What can other
1. Turn it into a positive motivator
Like most thoughts, you can't just destroy imposter syndrome, but you can control it with healthy habits and discipline.
Don't hate or judge these thoughts too much - they can even be useful. While they may be misplaced, I think they are related to the paranoia and passion and ambition that many successful people share, and those can all be powerful motivators. They can help you check yourself to make sure you're not drinking your own Kool-Aid. The trick is to never let your thoughts become debilitating. If you find yourself sitting around finding ways to justify why you're a horrible founder, it's time to adjust your mindset.
Meditation can help. I started meditating three years ago, and it's given me a mechanism to calm the negative voices in my head. It doesn't silence them, but it lets me observe my own moods and triggers. Am I sad? Am I discouraged? Why? What's triggering those thoughts? Are negative thoughts sapping my energy? Do I need to go for a walk to change my train of thought? Simply becoming aware of your thoughts without judging them is half the battle.
2. Give yourself some extra credit
Chances are, you've had to overcome multiple challenges because of your immigrant or minority or gender status. For example, English is my second language, so I actually have to translate everything from Spanish on the fly. When I do math in my head, I do it in Spanish. That means it takes a few microseconds longer for me to answer a question or do a calculation. That's okay. Rather than beat yourself up, consider being proud of your determination to overcome challenges. It's all about perspective.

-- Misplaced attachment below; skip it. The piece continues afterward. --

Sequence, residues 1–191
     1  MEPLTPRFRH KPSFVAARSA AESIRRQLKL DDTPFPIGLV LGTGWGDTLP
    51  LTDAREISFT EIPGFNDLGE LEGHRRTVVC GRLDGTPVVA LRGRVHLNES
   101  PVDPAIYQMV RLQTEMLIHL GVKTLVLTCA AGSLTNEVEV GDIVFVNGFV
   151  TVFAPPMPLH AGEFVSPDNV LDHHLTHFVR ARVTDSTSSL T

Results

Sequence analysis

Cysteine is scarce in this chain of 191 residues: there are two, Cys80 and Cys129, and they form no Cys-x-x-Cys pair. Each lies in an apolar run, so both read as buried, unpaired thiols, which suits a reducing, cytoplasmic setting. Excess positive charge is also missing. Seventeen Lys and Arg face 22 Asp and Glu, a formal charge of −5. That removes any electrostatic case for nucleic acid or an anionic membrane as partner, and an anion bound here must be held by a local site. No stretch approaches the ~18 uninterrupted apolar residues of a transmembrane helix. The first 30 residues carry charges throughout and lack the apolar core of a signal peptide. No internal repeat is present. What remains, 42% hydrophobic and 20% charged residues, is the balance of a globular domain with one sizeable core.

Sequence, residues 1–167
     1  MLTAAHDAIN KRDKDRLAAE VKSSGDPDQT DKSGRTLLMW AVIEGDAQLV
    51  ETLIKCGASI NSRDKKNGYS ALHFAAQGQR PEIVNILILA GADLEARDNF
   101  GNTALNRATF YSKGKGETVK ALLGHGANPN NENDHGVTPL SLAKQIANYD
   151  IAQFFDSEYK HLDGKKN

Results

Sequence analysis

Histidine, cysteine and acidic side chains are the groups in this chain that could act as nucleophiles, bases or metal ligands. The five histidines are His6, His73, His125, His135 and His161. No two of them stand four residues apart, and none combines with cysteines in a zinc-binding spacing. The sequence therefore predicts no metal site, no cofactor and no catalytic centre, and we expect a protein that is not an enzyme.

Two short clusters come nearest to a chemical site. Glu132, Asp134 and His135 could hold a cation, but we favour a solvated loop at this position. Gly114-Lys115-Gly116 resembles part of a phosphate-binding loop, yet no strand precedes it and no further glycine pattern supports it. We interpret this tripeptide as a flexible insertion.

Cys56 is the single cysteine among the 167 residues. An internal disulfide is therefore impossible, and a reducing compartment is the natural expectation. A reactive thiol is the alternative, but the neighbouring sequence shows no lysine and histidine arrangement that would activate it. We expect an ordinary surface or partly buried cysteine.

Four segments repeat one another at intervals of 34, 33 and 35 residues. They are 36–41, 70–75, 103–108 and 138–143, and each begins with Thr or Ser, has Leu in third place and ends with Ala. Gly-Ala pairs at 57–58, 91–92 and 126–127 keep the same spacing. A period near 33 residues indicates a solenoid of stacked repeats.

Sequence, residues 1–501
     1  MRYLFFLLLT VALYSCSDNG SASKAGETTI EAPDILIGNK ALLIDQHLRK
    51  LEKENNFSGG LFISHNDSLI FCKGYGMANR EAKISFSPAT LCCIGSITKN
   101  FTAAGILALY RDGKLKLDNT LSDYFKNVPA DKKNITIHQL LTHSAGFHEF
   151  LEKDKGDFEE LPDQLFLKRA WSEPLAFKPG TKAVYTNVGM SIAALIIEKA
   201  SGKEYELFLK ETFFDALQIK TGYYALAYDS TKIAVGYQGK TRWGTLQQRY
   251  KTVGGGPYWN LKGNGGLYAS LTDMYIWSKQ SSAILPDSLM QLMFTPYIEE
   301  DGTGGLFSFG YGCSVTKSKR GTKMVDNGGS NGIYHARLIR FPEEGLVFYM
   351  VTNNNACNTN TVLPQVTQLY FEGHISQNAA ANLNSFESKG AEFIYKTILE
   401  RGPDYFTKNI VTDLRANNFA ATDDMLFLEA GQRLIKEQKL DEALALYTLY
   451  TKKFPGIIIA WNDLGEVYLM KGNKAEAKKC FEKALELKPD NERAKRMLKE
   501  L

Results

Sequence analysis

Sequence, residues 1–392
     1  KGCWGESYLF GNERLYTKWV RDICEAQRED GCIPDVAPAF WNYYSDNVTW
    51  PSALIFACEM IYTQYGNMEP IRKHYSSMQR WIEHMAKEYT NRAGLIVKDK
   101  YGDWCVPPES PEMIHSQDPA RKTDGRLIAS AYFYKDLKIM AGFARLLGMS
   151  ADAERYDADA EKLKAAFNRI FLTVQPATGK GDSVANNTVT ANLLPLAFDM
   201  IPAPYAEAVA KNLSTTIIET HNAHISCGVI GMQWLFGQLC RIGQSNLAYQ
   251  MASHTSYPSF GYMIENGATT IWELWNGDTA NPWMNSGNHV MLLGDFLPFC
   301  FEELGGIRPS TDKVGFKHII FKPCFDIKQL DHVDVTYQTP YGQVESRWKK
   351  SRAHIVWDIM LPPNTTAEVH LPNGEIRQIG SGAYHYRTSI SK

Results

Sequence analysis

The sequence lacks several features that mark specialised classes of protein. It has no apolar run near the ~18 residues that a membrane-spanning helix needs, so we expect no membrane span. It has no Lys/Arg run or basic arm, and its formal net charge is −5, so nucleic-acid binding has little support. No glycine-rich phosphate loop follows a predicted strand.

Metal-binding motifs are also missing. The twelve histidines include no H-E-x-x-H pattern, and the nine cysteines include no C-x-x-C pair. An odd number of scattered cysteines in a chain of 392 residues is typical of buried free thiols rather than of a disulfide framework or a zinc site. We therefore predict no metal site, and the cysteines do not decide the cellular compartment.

3. Accept that you'll make sacrifices
Zoom is one of the most successful new companies of the past few years, but its founder, Eric Yuan, has said that he had to work hard to overcome his accent. In a recent interview, he said, "I do think the language barrier is a factor, seriously. I was born in Shandong province in China, and when I came here I even did not speak the language."
If you have an accent, know that some people will judge or have preconceived ideas about you because of it. It isn't fair, but it is sometimes true.
I've also paid the price for my accent. For example, after we pitched one venture capital firm, the partner declined to invest because I "wasn't technical enough," even though I have a masters degree in computer science and Outreach is a technical company at its very core. We've been focused on machine learning advancements since our early days, and 40% of our revenues are invested into engineering. I'm convinced that I just didn't fit into this person's idea of what a
Some of the sacrifices you will make might take you by surprise. I'm reminded of this every time someone says my name. My name is not Manny - it's Manuel. But early in my career, one boss had a hard time remembering my name and decided, "I'll just call you Manny." I love the guy, and I'm sure he didn't mean it to be hurtful. Since then, I've learned to live with it, but I didn't like it at all at the time.